My 9-year-old decided to be a Raven.  I had read Edgar Allen Poe’s The Raven to him recently and he wanted to be an evil raven with talons and feet and feathers and wings.  He probably wanted to be able to fly too, but I had three nights.  Here’s what he got.


My biggest concern working with feathers was to not make him look like Phyllis Diller in her feather dress.  When my son had a fitting midway through the production process, his eyes welled with tears.  He was not happy when I thought I was more than halfway done.  The costume started as an old Voldemort pullover costume with hood and sleeves.  I glued feathers to the ragged fringe that hung down at the bottom and from the sleeves.  This is where he tried it on.  He wanted real wings.  I really should stop saying that I have mad skills.  My kids have the bar set really high for me and it’s my own fault.  With cardboard, a wire hanger and a whole lot of feathers, the wings on his hands were created, glued to black knit gloves and tied at the wrist for stability.  The mask was a crow’s mask with a yellow beak and gold sequins and black feathers.  I painted the mask black and glued the sides to the hood to create a more rounded look.  Getting his Hanes’ black sweatpants after going to two, not one, but two Wal-Marts to find them added to the time involved in pulling off this costume.  Not my best work, but considering the challenge and the time involved, I think it turned out pretty awesome.

Keep in mind that I have two in elementary school, so the raven was just half of my workload.  My young buck wanted to be Zombie Atlantis or a Zombie Diver.  My mother-in-law sent him this awesome round, costume plush and pliable diving helmet.  Add zombie makeup, green hair color, some hair gel and his own Hanes’ sweat suit (from the same two, not one but two, trips to Walmart), his costume was complete.

My youngest owns every gray hair on my head and there are plenty.  Last night he informed me, after loving his costume all week, that a black sweat suit, representing a black wet suit, wasn’t good enough.  He, being way to damn techno-saavy, pulled up some Google images of real vintage diving suits and he wanted the whole suit, not just the helmet.  Of course.  What was I thinking?

Today, I realized, he just doesn’t like change.  He wanted to wear his store-bought skeleton suit that he has worn two years running.  He just got caught up in the Halloween-I-gotta-have-a-new-costume-hype and had a new helmet costume to start and the ball just kept rolling.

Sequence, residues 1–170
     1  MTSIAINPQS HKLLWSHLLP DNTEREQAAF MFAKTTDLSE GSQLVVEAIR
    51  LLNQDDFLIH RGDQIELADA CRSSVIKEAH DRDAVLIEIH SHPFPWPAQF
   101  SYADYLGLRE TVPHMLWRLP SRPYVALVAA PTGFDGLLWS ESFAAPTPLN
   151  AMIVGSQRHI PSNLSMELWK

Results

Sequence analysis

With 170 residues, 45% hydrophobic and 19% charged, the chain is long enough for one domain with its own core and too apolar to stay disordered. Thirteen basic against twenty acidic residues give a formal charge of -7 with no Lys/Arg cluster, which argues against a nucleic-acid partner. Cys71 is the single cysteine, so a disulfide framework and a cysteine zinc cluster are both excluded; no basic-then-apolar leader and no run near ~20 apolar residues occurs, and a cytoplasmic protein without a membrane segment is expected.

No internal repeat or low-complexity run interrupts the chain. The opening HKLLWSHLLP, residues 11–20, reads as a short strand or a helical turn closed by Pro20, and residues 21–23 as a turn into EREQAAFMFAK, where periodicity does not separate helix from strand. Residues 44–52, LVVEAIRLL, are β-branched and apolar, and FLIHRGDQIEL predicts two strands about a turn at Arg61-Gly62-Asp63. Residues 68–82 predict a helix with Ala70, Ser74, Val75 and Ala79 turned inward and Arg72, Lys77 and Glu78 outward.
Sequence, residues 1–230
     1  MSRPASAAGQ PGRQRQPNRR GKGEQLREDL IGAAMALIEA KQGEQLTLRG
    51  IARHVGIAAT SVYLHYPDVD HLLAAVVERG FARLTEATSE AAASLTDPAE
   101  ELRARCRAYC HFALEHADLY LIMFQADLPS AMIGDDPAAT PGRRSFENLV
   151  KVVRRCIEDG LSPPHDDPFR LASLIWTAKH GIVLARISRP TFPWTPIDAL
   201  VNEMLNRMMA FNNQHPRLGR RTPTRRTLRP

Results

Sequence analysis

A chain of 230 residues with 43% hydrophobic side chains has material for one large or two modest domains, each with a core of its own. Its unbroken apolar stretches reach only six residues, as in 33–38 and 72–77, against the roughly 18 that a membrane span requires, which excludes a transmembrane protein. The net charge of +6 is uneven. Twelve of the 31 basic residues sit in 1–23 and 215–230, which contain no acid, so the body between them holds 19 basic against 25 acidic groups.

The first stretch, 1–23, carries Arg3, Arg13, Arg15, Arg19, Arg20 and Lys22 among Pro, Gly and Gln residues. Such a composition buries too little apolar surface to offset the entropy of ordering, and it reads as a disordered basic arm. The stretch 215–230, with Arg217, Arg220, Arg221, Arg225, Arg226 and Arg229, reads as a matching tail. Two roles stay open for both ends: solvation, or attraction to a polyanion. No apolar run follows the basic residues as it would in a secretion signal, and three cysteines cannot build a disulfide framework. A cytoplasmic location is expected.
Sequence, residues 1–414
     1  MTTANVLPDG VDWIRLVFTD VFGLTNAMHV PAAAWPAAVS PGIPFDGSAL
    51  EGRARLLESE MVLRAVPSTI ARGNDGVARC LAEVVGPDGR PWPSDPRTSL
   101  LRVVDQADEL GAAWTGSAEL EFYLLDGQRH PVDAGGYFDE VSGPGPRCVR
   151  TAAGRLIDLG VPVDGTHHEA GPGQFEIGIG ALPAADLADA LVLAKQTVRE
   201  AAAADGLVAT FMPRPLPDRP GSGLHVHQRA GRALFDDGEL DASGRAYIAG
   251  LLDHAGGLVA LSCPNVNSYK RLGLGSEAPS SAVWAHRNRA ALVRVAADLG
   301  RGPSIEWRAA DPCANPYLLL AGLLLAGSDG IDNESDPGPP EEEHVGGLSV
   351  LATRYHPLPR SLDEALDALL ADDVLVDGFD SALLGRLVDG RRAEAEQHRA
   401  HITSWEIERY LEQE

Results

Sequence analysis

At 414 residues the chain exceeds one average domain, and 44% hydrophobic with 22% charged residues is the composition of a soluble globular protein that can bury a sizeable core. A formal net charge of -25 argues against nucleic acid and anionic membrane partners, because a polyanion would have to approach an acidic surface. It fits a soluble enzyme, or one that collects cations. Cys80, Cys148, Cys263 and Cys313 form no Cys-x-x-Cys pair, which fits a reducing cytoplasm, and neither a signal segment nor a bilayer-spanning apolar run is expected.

The skeleton costume is too small too, but that doesn’t stop my youngest son.

The Monster Mash was packed with entire families, grandparents, extended family and pretty awesome.  The boys had a blast, my husband and I met new people and we became more familiar with the school.

The class won’t get to sample my fun Halloween wares like these that I made last year, but Halloween is off to a good start.

halloween ghosts

Now one more costume to go….


Roaring 20’s October 21, 2013

When you hear the words “company party” or “work party” some people groan.  I’ve done my time at these groan provoking parties and sympathize with anyone dreading their upcoming work commitments this holiday season.

However, the holiday party my company throws is not one to be missed.  Our young, fun, work-hard-play-hard company culture and collaborative approach to planning this party sets the tone for a good time to be had by all.  By all I mean bringing every employee together from fourteen offices from four countries throughout North and South America.  Everyone loves to see, in person, the people we virtually work with either in a neighboring office or thousands of miles away.

Some years’ the party is themed, some years not.  This year theme is based on The Great Gatsby and the 1920’s.  I love themed parties!! Themed or not, the question is always – What do I wear?

The instant thought of fashion trends of the day are long pearls, sequins, fringe, short skirts and feathers. Being the 45-year-old woman who gets attacked by squirrels that I am, this is not my look.  I have been all over the internet looking at 1920’s fashion images and reading all kinds of blogs and articles on fashion, hair styles and make up of the era to get ideas but nothing has grabbed my attention or sparked my imagination.

However, I did find the perfect pair of shoes which is a good start.  I have some vintage jewelry that will accessorize the perfect dress.  But what dress?

My mom reminded me of my grandparents wedding photo that I had stashed somewhere, but since our move, where could that be?  Thankfully I put my hands on the photograph tonight with minimal search.


My grandparents are seated in this photo taken on their wedding day, June 19 1928.

What I love about this photo is my grandfather’s smile.  You could always find him smiling until he passed at age 100. I truly love that my grandmother, the risqué woman, wore a short, just below the knee, dress on her wedding day.  How awesome!  She wasn’t alone.  Despite prohibition at the time, my grandfather made 400 bottles of beer and bought a bottle of whisky and two boxes of cigars for the reception!  What a pair!  They drove off in a 1922 Model T Ford for their honeymoon. Eight children and 60 years of marriage before my grandmothers passing at age 82, the 1920’s were good place for them to start.